Today, interaction with technology forms a large part of everyday life. Children grow up accessing content on internet connected devices at home. As a result, we have noticed toddlers develop distinct British accent by watching popular preschool shows like Peppa Pig even at non-English speaking homes. There has been a huge shift in the way children learn new ideas and acquire skills. While children are exposed to technology from a very young age, integration of technology in formal education has largely been slow in most countries, including Bhutan
Technology Use vs. Technology Integration
With growing conversations around educational technology (Edtech)—“the combination of IT tools and educational practices aimed at facilitating and enhancing learning”, we are now seeing reforms in the education system. However, a huge gap still exists between sporadic use of technology by teaching staff to automate/digitize existing processes and active integration of technology to facilitate, deliver, and enhance learning. Some of the common challenges with technology integration in education today are associated with teaching staff’s proficiency in IT, the rate of innovation outpacing adoption, and the cost of technology.
The potential of the use of technology in the classroom, as we see it today, is just the tip of the iceberg. A research by the World Economic Forum estimates that “65% of children entering primary school today will ultimately end up working in completely new job types that don’t yet exist.
Futuristic Approach to Technology Integration in Education
To integrate technology into the curriculum, it is important to start with:
Understanding the anticipated high level skills that can be cultivated with technology. A feedback loop needs to be developed between the educational institutes (at all levels), the national government, corporations, and professional and commercial service industries to ensure alignment of skills with demands of the future.
Evaluating available/possible resources that can enable technology integration. Begin by analyzing the current level of technology adoption at the institute—are staffs using technology to simplify their work or are they integrating smart devices to create a learning experience that adds value to the students’ knowledge? During the evaluation, it is equally important to analyse the teachers’ level of proficiency in the use of technology when placed in the teaching-learning environment. This can help develop a training module for the staff who will eventually bring knowledge to life for the students.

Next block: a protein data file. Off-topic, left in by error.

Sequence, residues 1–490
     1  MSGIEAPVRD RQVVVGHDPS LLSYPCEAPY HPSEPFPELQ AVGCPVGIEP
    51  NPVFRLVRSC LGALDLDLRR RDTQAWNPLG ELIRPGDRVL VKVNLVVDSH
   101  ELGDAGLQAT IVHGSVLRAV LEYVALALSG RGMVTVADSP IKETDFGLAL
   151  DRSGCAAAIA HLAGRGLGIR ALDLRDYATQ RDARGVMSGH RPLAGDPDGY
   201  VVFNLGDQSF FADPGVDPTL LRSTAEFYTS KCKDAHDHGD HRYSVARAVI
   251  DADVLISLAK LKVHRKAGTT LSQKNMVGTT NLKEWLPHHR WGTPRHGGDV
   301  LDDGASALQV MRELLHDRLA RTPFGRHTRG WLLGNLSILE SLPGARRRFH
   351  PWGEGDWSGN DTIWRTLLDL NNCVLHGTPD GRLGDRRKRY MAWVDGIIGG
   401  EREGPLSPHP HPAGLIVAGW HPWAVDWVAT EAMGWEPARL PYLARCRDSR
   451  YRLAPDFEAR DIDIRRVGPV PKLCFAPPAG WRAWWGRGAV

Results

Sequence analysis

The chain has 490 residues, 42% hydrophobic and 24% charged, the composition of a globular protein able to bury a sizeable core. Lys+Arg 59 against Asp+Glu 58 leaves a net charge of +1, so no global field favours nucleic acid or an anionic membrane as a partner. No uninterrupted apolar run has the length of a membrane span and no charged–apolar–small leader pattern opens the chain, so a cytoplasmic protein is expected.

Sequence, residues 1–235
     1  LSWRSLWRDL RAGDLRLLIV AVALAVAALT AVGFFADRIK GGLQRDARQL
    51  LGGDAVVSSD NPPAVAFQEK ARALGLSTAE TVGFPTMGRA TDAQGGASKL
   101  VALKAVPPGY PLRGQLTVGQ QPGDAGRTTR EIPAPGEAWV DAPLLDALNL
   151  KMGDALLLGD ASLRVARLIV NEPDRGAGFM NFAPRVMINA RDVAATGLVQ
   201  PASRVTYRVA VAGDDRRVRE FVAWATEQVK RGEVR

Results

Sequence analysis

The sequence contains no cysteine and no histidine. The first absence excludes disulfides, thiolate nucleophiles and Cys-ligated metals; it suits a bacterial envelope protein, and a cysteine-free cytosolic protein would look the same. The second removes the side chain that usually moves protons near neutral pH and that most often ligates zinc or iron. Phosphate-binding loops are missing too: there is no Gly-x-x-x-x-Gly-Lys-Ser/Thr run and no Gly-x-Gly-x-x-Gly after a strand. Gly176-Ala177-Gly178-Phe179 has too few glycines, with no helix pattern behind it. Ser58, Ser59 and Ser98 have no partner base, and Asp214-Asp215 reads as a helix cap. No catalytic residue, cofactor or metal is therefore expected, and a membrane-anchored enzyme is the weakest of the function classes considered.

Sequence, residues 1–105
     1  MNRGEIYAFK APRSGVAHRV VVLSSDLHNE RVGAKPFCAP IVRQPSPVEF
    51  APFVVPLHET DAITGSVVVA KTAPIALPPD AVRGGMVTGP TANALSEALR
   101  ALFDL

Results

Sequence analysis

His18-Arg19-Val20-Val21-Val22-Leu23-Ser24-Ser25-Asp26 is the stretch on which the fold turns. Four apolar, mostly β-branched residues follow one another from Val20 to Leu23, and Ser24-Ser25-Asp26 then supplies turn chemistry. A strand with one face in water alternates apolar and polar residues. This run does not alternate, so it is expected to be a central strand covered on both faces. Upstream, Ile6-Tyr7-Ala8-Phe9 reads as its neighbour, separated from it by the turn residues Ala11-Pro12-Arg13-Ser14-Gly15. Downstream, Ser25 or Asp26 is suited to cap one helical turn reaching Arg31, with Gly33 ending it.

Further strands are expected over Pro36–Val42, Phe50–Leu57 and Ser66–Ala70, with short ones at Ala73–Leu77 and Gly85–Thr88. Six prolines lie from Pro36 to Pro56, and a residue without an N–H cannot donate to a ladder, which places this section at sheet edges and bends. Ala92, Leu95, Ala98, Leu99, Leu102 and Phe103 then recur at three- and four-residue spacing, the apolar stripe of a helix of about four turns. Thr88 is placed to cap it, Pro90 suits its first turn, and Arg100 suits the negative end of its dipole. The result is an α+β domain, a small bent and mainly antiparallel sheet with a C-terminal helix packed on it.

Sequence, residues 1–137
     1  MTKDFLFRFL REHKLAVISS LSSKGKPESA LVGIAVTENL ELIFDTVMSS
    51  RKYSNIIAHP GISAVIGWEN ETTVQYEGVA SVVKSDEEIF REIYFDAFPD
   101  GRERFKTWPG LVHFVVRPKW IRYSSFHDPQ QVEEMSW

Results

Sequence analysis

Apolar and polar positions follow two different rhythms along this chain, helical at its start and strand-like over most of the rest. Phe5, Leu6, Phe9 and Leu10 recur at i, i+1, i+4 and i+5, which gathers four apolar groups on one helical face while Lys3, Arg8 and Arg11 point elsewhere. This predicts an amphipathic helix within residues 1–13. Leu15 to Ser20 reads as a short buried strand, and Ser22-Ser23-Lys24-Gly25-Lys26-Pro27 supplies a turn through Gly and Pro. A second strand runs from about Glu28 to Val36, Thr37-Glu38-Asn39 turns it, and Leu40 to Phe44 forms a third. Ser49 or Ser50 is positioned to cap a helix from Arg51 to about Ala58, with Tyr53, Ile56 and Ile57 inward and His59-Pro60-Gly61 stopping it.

Conducting research on the tools and technology that can meet specific requirements. There are numerous tools, apps, and devices that can be leveraged to enhance learning. However, conducting a deep research on what best meets the requirements of the students with the resources at hand can help prioritize educational needs.
Integrating tools in the lesson activities. Integration does not mean using technology every day for every teaching-learning activity. Rather, it means to intentionally and strategically place tools and apps to match the tasks at hand for building deep knowledge through the integration of technology with the learning content.
Developing consistency with the integration process by giving it time. One of the crucial aspects of adoption of technology for enhancing learning is ensuring a shift in the mindset, especially of the faculty and staff. Since the technology industry is constantly evolving, it is important that those in the decision-making board showcase the willingness to embrace the constant flux of this ever-changing landscape.
Possibilities and Applications of Technology in the Education System
The Covid-19 pandemic significantly expedited what was a long time coming in the field of EdTech—be it by simply taking the classrooms online or by creating immersive simulations—across the globe. Schools and institutes have now made learning more engaging by leveraging everything that is accessible, including the use of:
Interactive whiteboards for creating contribution-driven mind maps
Social media for strengthening an interactive learning environment
Extended classroom communities for enabling global collaboration and student-to-student coaching
Chatbots for ensuring real-time response
Gamification and simulation for conducting accurate assessments
As education becomes virtual, it has not only brought some challenges, but has, at the same time, presented enormous opportunities to go beyond the status quo and tap into the potential of the virtual world. For instance, Google Cardboard brings immersive learning to the classroom with its augmented reality and virtual reality technology. Google Cardboard is not just light-weight but is also low cost, making the technology highly accessible. It now allows students to use the ARVR technology to travel to places where a school bus can’t. It has given students the opportunity to go all over the world, under the ocean, even to outer space, or inside the human body, and in that way, has the potential to broaden their learning to near unimaginable limits.